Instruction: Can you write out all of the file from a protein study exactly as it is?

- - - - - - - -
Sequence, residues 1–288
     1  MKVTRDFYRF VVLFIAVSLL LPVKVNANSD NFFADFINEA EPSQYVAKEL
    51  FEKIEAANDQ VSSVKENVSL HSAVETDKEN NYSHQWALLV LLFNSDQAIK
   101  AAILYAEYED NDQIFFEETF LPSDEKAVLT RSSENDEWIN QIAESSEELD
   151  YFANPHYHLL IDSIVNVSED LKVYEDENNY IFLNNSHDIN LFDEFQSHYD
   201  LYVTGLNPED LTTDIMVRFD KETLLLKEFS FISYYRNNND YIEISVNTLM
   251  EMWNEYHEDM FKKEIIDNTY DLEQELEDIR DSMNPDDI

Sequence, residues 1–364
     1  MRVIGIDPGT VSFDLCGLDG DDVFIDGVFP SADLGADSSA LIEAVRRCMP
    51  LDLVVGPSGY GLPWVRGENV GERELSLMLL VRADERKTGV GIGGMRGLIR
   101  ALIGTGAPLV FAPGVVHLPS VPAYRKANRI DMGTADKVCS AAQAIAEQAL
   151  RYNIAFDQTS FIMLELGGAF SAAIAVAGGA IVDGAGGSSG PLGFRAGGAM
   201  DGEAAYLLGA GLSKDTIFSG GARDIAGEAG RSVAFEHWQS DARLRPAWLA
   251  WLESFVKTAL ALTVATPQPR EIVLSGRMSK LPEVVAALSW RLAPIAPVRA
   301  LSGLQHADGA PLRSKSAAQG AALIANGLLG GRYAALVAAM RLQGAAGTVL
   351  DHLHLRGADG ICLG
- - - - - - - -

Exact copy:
Sequence, residues 1–288
     1  MKVTRDFYRF VVLFIAVSLL LPVKVNANSD NFFADFINEA EPSQYVAKEL
    51  FEKIEAANDQ VSSVKENVSL HSAVETDKEN NYSHQWALLV LLFNSDQAIK
   101  AAILYAEYED NDQIFFEETF LPSDEKAVLT RSSENDEWIN QIAESSEELD
   151  YFANPHYHLL IDSIVNVSED LKVYEDENNY IFLNNSHDIN LFDEFQSHYD
   201  LYVTGLNPED LTTDIMVRFD KETLLLKEFS FISYYRNNND YIEISVNTLM
   251  EMWNEYHEDM FKKEIIDNTY DLEQELEDIR DSMNPDDI

Sequence, residues 1–364
     1  MRVIGIDPGT VSFDLCGLDG DDVFIDGVFP SADLGADSSA LIEAVRRCMP
    51  LDLVVGPSGY GLPWVRGENV GERELSLMLL VRADERKTGV GIGGMRGLIR
   101  ALIGTGAPLV FAPGVVHLPS VPAYRKANRI DMGTADKVCS AAQAIAEQAL
   151  RYNIAFDQTS FIMLELGGAF SAAIAVAGGA IVDGAGGSSG PLGFRAGGAM
   201  DGEAAYLLGA GLSKDTIFSG GARDIAGEAG RSVAFEHWQS DARLRPAWLA
   251  WLESFVKTAL ALTVATPQPR EIVLSGRMSK LPEVVAALSW RLAPIAPVRA
   301  LSGLQHADGA PLRSKSAAQG AALIANGLLG GRYAALVAAM RLQGAAGTVL
   351  DHLHLRGADG ICLG